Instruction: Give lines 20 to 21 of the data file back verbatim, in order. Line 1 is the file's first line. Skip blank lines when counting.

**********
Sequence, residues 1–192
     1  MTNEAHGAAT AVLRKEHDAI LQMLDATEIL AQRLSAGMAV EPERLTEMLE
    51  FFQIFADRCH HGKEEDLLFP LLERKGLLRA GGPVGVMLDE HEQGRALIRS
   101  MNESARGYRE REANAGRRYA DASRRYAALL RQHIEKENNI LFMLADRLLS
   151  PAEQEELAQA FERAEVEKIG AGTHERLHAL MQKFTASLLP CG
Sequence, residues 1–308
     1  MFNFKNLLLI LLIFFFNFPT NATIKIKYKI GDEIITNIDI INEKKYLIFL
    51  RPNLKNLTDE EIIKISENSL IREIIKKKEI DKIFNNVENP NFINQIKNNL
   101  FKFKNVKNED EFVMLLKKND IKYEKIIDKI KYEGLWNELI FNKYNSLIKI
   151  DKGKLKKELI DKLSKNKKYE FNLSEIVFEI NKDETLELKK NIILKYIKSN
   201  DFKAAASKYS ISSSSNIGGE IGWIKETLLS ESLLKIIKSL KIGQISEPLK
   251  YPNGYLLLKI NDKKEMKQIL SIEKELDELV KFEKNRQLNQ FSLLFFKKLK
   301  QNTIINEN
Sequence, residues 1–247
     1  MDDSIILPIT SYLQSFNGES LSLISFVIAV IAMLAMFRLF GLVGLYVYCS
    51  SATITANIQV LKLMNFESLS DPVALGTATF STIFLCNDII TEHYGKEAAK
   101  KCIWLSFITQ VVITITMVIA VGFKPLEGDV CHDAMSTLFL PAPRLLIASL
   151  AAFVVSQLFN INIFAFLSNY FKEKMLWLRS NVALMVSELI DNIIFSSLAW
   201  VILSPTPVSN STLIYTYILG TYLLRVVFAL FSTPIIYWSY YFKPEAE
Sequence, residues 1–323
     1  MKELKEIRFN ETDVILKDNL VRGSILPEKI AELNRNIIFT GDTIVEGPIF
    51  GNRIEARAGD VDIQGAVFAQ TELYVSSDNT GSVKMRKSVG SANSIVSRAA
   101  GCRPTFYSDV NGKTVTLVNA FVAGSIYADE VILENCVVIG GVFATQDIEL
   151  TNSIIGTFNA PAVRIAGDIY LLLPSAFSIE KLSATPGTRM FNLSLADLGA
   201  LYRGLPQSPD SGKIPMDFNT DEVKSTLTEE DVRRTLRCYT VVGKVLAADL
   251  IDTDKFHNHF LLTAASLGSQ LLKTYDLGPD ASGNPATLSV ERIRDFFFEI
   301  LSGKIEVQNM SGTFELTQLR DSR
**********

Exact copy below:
Sequence, residues 1–323
     1  MKELKEIRFN ETDVILKDNL VRGSILPEKI AELNRNIIFT GDTIVEGPIF